Handbuilt Bicycle News

People in the Industry

Dave Moulton

Matthew Butterman

Friday 27 May 2016

Dave Moulton: from metalsmith to wordsmith

British/American framebuilder-turned-writer Dave Moulton will be at the Classic Rendezvous Weekend in Greensboro, NC June 10-12, recounting tales from his years in the workshop.

Dave Moulton: from metalsmith to wordsmith
Photo courtesy Dave Moulton

Renowned frame builder Dave Moulton heads up a seminar at the Classic Rendezvous Weekend bicycle show on Saturday, June 11 in Greensboro, North Carolina, in which he recounts tales from his days as a builder, and discusses his transition to a new mode of creativity as a writer.

Moulton started out building frames in his native Worcester, UK during the 1970s, before moving to the U.S. in 1979 to build for Paris-Sport in New Jersey, and later for Masi in Southern California. In 1983, Moulton opened his own frame shop in San Marcos, just north of San Diego, and built frames under his own name, and also with the labels John Howard, Fuso, and Recherche. He retired from the bike business in 1993, leaving his shop in the hands of his apprentice Russ Denny, who continues building to this day.

Moulton moved to Charleston, South Carolina and began a second career as a novelist, freelance writer and songwriter. He’s published a novel titled “Prodigal Child”, and luckily for the many loyal fans and collectors of Moulton, Fuso and Recherche bicycles, he keeps his head in the handmade bicycle scene through an entertaining and well-written blog.

Lest anyone become overly romantic about turning steel pipes into artfully painted bicycles, Moulton says that he doesn’t miss his days in the crucible of the frame shop.

“Frame building is hard physical work, so no I don't miss it. Maybe if I were younger I might. To me taking metal and paint and creating something is one level, but writing, assembling words, is the ultimate in creativity, creating something out of nothing so to speak. Song writing takes it one step further because I am adding musical notes to the equation.”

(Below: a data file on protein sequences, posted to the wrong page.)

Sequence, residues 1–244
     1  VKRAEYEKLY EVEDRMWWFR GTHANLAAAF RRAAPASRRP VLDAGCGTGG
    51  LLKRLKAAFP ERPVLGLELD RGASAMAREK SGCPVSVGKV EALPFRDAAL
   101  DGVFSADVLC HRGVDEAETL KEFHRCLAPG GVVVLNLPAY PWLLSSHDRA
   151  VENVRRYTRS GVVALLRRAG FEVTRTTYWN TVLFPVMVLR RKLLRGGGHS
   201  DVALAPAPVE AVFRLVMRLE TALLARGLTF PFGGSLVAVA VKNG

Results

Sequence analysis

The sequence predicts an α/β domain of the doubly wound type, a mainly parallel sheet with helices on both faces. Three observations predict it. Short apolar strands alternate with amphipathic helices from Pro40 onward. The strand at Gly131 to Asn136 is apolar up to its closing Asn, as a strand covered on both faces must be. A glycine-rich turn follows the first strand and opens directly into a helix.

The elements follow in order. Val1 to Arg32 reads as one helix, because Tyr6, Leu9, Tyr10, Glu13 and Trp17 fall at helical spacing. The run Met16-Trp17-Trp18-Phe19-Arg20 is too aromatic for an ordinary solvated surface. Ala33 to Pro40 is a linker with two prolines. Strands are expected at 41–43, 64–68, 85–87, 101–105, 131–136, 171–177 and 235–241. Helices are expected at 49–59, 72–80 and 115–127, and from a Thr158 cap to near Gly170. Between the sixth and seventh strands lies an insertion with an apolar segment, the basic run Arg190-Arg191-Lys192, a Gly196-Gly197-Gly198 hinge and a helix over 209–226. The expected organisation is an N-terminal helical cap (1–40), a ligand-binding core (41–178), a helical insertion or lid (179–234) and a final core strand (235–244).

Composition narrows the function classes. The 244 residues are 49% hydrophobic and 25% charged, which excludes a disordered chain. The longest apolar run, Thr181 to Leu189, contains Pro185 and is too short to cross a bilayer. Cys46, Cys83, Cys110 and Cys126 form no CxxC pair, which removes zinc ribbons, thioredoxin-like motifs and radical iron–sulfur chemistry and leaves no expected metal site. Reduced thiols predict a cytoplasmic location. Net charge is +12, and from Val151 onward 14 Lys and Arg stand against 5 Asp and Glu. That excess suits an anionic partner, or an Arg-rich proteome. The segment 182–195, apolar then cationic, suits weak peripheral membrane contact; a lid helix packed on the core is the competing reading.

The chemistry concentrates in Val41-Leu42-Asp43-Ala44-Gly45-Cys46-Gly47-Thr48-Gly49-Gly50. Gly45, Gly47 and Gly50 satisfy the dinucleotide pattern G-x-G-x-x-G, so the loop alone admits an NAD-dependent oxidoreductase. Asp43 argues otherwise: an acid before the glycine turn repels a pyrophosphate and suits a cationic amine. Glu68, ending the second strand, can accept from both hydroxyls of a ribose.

If Moulton doesn’t miss the hard labor now, memory still has a way of burnishing the pain of outrageous challenges. Moulton proudly remembers a tandem he built in 1978 as one of his best creations, but even in his frame building heyday he disliked building tandems.

“There is a track tandem I built in England in 1978 I am particularly proud of. Even though I hated building tandems with a passion! It was ridden by Paul Swinnerton and Trevor Gadd in the 1978 World Championships back when they had tandem sprints as part of the World Track program,” says Moulton.

A later frame, built for Chuck Schmidt of Pasadena, California also ranks as one of Moulton’s favorites. Schmidt still rides the bike regularly, and has kept it in mint condition.

Chuck Schmidt's Dave Moulton   Photo: Dave Moulton

If many artists remember certain works with fondness, there is also a trail of ashes from the many paintings, manuscripts and musical scores sacrificed to the fires of artistic self-doubt and criticism. At least in his frame building days, Moulton possessed the discipline not to take this path to perdition: he refused orders from customers that might compromise his artistic integrity or devalue the brand marked on the downtubes of his bicycles.

“Over the years I turned down a lot of orders from customers with unrealistic expectations, or those who wanted something I didn't agree with. Even gaudy and outlandish paint jobs I would not do on a custom frame if I thought it was in poor taste. After all it was my name on the frame, and if the customer sold the frame later, it was my reputation on the line. This was my policy for that very reason that I might have regrets in the future,” explains Moulton.

Such integrity is surely the primary reason why Moulton’s bikes still retain high estimation in bike collectors’ circles, and fetch high prices on auction sites like eBay.

With the sage wisdom not to sell out, the master has left the workshop, but his creations live on - both in words and where the rubber meets pavement.